Bethany moves, just a little.

Lucy, tangled up in prophecy and forebodings, throws herself from the tree and hits her own head hard on a wayward branch.

. . .

Posted by on Nov 26, 2013 in The Storm that Saw Itself: Chapter 2 | 0 comments

Bethany ducks under Bernard’s blades.

The Bernard-beast is vicious. He is also quite well-dressed. She finds herself admiring the cut of his garment as he swings invisible blades over her head.

She ducks, planning to catch those blades in the trunk of the tree she’s standing on. His blades scissor straight through the wood, instead, in a great spray of chips and bark.

“Jesus,” swears Bethany. Later, if she survives this, she will add a shilling to her Jesus jar. It’s a swear jar, shaped like Jesus. But that’s not important right now!

Sally has lost the accidental struggle. She has curled up, whining, licking her wounds (except the missing eye) beneath a tree.

Edmund is coming for Bethany.

Bernard punches as if to stab through both Bethany and several feet of wood.

Bethany falls sideways. She twists in the air. She transcends reality. She jogs a few steps downwards, reappears delicately poised one-footed on Edmund’s head, and heel-kicks his nose hard with the other.

Then she twists sideways again as Bernard descends —

Bernard follows her into non-space. His glass weapon here gleams a brutal gold. It cuts her. It tears her side open. She gapes at him and bleeds as he falls back into the world; and has only a second or so to stagger in a random direction away from him before reappearing herself.

He has guessed her place of emergence almost exactly. She loses a lock of hair. That pushes her to the decision point.

She rips the wire from her hair.

He comes at her again. She locks eyes with him. She shoves his consciousness out of the way for a second so he doesn’t cut her again, comes in at him, and wraps the wire around his neck. She pulls —

Lucy seethes up from the ground in a cloud of air and darkness. She hauls around a gunbrella to point at Bethany. It beeps, charging. Bethany can’t intend at her with two hands full of garroting the snazzily fashionable Bernard!

Edmund is getting up.

Bethany tightens the wire. Bernard’s throat begins to bleed. He thrashes —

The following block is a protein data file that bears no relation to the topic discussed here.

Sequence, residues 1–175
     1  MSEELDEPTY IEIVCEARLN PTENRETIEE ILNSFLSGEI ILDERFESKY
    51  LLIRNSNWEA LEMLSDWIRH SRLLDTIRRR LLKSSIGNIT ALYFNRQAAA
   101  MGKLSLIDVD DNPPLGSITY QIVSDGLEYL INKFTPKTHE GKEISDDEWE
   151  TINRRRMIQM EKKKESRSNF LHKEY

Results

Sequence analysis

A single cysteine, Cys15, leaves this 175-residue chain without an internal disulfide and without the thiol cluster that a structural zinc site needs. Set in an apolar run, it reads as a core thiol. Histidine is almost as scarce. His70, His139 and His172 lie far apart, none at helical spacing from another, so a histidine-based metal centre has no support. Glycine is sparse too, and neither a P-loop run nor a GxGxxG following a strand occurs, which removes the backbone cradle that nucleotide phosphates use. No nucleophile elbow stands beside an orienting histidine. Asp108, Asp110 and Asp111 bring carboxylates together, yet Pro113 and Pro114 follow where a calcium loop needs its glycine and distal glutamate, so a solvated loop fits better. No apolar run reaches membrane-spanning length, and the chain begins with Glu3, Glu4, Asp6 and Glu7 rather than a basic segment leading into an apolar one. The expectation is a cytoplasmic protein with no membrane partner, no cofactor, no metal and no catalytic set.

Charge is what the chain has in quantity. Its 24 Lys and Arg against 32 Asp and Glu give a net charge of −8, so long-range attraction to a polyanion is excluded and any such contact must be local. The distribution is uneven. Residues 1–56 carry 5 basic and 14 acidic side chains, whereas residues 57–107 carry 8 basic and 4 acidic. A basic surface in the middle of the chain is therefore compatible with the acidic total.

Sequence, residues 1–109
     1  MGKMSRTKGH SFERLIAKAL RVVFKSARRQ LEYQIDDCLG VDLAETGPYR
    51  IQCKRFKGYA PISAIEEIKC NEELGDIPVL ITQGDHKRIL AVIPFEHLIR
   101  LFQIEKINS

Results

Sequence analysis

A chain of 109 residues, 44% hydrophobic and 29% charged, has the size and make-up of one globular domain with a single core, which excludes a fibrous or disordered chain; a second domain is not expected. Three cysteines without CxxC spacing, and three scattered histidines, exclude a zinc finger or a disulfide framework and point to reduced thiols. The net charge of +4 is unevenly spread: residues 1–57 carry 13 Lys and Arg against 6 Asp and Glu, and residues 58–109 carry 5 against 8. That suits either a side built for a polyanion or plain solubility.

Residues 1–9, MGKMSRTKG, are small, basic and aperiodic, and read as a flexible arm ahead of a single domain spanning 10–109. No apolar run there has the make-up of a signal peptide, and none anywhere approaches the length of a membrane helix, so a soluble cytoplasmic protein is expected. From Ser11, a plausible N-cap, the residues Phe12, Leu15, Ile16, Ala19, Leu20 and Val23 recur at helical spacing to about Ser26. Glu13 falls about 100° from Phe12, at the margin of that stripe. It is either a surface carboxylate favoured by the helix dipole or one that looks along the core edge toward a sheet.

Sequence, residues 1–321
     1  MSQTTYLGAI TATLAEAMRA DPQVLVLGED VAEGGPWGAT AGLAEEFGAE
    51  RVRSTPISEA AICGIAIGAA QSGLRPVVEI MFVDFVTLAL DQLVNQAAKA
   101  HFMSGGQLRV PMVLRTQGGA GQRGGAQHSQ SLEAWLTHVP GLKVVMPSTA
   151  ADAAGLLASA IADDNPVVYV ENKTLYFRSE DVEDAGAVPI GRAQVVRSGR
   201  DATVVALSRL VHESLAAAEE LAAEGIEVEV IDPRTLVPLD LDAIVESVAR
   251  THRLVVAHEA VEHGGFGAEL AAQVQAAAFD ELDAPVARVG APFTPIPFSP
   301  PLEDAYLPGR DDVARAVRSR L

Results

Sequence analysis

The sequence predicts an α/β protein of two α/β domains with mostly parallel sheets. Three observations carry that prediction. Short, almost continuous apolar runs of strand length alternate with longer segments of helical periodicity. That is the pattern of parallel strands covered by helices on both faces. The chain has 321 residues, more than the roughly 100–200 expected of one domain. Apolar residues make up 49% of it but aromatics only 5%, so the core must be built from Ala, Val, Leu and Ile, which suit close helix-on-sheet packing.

She still can’t kill another student. She rips his hat off instead. It doesn’t come off. He’s glued it on.

“Gah!” she howls, incoherently, beats his head against the ground twice, and runs.

There is no specific jar for incoherent howls. It is a good mental practice for her to sort through such things later and figure out what swear she would have used, had she had the proper mental presence for obscenity.

She breaks Edmund’s knee fifty yards later, by which time she has a stitch in her side and Lucy’s gun is fully charged.

She drops to the ground as it fires. Lucy fires at the ground. Bethany twists desperately away from reality but she still winds up seared and aching.

She jukes the followup blast onto her shadow. She staggers up against a wall.

She is dirty, beaten, and battered.

She looks up. She looks around her. She scans for hope. There’s a gun emplacement in the bell tower, but — it’s unlikely to have tranquilizing weaponry.

This is a Lethal School.

She sights Tom Friedman, science adventurer.

. . .

Posted by on Nov 26, 2013 in The Storm that Saw Itself: Chapter 2 | 0 comments

Tom is sitting alone on a bench. He is admiring a stand of mutant pipe cactus. The blooms have opened in the night and are releasing a rich and alien scent.

She turns sideways. She appears sitting beside him on the bench. He startles three feet rightwards.

“I need it,” she says.


“I need it,” she grits out. “The hat. I can’t kill them. I can’t keep fighting. I can’t breathe.”

He looks her up and down.

“You’d just wind up joining them,” he says, dismissively.

Edmund verges onto the scene. Bethany kicks a cobblestone from the ground into her hand, throws it, beans him.

“Not mad scientist material?” she asks.

“The correct term is ‘innovator,’” says Tom peevishly. “Or merely ‘scientist.’ And no.”

“All right,” she says.

She stands up.

She looks down. She looks up. She takes a breath.

“You’ll have to watch me die,” she says, “then.”